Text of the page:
Marseille’s Old Port is one of the very picturesque elements of France’s second largest city. This area has been the hub of activity in Marseille from Antiquity to the Middle Ages, and today it can be as busy as ever. We list 10 things to do in this beautiful spot Visit https://wikitravel.org/en/Marseille for travsel info about Marseille.
People/ Boat Watch
Marseille’s Old Port has been the beating heart of the town for centuries. This is the middle of maritime activity at the same time when trade from the sea was the city’s main supply of income. Today the port continues to be filled with boats, old and new, which you can admire as you stroll over the quays. The promenades may also be lined with cafés, bars and restaurants in order to have a pit stop and watch the entire world around you go by.
Quai des Belges Fish Market
Each morning, vendors set up shop on the Quai des Belges for the daily fresh fish market. This Marseille institution is part of the life and soul of the Old Port area and here tourists brush shoulders with the locals who have been coming here to purchase food from the ocean each of their lives. The fish for sale, that is caught in the Mediterranean Sea in the early hours of the morning, can be as fresh as it gets.
Phare de Sainte-Marie
Built in 1855, the Sainte Marie lighthouse on the esplanade de la Joliette marks the northernmost point of Marseille’s harbor. The cylindrical turret is an extraordinary 60 feet high and is encased from top-to-bottom in brilliant white local limestone. The lighthouse, that has been electrified in 1922, is now inactive but nevertheless makes a great photo opportunity because the dazzling white of the limestone contrasts against the azure blue of the cloudless sky and the Mediterranean Sea Visit https://www.tripindicator.com/best-cruise-boat-tours-marseille.html for more information about Marseille boat and cruise tours..
This picturesque little ferry boat sets sail from Marseille’s town hall repeatedly each day, going from one side of the Old Port to the other. The ferry, that has been originally steam driven, has been replaced with a far more eco-friendly version equipped with a solar propeller, in order to ride the waves without a heavy conscience.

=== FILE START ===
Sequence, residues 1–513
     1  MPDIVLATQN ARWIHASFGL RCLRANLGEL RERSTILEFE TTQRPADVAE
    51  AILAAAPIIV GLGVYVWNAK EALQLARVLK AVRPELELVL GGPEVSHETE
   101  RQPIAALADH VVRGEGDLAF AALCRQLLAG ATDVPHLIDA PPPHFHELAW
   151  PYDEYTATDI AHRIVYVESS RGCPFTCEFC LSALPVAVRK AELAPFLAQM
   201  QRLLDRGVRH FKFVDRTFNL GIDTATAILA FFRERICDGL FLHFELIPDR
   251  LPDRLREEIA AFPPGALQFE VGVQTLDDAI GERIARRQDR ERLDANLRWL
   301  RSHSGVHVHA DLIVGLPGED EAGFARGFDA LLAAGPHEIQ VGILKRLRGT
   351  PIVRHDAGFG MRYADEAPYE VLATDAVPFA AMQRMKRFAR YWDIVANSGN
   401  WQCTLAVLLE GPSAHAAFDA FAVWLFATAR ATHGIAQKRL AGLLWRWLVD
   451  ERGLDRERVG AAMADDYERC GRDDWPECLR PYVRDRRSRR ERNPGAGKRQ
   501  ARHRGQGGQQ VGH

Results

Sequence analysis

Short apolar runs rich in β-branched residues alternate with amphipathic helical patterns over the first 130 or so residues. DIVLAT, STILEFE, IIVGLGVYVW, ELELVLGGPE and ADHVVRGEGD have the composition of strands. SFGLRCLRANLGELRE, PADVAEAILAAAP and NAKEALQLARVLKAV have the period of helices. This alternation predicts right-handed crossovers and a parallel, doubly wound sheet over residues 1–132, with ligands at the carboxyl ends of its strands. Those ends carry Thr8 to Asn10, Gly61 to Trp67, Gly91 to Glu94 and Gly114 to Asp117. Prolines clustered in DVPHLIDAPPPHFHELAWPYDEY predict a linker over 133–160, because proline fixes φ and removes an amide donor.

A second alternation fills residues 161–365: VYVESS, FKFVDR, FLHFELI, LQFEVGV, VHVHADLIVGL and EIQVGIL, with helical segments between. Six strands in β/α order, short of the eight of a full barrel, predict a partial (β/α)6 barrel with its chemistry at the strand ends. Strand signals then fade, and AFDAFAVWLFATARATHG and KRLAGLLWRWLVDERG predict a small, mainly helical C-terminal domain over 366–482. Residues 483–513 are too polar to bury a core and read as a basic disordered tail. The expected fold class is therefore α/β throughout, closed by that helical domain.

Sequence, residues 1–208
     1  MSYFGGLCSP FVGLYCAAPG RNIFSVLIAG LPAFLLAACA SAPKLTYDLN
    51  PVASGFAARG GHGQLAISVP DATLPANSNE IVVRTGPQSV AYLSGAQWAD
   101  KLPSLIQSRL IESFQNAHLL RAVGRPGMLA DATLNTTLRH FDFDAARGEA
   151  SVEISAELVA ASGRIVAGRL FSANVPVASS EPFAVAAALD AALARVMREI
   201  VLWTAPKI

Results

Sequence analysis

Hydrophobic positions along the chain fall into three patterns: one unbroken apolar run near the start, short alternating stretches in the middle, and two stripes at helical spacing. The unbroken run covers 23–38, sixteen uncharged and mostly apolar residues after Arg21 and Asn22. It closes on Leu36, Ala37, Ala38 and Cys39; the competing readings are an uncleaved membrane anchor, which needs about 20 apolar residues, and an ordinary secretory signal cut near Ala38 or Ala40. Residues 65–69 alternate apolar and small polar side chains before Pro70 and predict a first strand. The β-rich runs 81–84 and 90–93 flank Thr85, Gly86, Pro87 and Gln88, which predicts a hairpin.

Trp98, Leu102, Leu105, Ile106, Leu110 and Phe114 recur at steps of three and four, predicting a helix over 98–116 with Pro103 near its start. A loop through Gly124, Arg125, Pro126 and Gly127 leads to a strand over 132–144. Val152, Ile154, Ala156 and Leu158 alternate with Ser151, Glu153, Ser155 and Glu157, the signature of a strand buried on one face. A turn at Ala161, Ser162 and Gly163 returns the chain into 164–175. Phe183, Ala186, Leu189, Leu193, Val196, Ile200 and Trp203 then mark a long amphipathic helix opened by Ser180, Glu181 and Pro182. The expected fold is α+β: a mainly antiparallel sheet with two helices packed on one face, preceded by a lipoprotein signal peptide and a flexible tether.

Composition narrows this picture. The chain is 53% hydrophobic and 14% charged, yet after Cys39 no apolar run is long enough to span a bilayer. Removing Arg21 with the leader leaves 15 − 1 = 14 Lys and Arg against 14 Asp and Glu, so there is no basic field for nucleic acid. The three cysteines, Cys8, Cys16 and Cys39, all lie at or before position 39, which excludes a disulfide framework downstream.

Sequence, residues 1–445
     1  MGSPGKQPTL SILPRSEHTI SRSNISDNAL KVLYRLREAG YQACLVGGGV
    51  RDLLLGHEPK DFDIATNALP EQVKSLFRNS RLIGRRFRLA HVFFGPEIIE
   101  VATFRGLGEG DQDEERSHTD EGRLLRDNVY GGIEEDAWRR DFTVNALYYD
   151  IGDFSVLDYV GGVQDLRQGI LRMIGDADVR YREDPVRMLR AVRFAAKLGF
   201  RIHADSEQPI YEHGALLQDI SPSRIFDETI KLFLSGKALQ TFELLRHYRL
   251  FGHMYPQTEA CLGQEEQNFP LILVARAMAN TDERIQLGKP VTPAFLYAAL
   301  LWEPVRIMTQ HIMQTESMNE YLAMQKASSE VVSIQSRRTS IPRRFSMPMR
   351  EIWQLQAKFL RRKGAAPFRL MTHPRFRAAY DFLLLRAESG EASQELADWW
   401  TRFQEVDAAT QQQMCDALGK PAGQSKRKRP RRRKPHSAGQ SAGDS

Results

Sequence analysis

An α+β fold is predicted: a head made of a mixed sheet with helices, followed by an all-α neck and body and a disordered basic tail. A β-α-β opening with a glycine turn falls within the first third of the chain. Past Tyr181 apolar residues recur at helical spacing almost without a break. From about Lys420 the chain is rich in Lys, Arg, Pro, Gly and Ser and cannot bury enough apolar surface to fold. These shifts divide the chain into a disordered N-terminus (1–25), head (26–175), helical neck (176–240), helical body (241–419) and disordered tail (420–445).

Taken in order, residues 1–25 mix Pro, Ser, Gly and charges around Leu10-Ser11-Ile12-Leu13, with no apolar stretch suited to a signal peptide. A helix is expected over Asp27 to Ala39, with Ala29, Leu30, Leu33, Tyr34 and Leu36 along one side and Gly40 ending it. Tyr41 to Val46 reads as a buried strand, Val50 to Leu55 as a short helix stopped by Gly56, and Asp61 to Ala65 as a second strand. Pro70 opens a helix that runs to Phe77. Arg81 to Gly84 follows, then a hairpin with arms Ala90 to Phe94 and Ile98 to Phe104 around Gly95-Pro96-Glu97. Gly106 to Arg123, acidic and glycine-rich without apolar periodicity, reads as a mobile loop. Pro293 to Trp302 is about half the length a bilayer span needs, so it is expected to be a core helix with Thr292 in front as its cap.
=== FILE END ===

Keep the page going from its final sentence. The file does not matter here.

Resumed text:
Sample the Food
France is world-renowned for its gourmet cuisine, and the food scene in Marseille’s Old Port isn’t any exception to this rule. Great quality bars, restaurants and cafés line the edges of the port and many have outdoor seating in order to fully take advantage of the South of France sunshine. The seafood restaurants particularly are, unsurprisingly, outstanding.
Museum of Old Marseille
The Museum of Old Marseille, or the musée du vieux Marseille, just a few streets back from the port itself, can be an ideally situated museum housed in the 16th-century Maison Diamantée. Given its marina location, fishermen likewise have a try here in the number of rare and found objects related to traditions of the sea. The view from the rooftop café can also be magnificent.
Saint-Ferréol les Augustins
This Roman Catholic church is situated on the Quai des Belges at the eastern end of the Old Port of Marseille. The annals of the church goes back to when the website was owned by the Knights Templar in the 12th century. The building has been put into and altered since, with the addition of the Italian-style bell tower and the neo-baroque facade. The mish-mash of styles and influences, actually, works to great effect and this is a stunning addition to the already beautiful Old Port.
Boat to Château d’If
Although strictly speaking not part of the Old Port of Marseille, no trip to the location will be complete without a trip to the fascinating island of Château d’If. The island remained completely uninhabited until the 16th century when François I spotted its strategic potential and allowed plans for a fort to be built on the island. Today you can have a 20-minute ferry ride from the Old Port to the island made famous by Alexandre Dumas’The Count of Montecristo.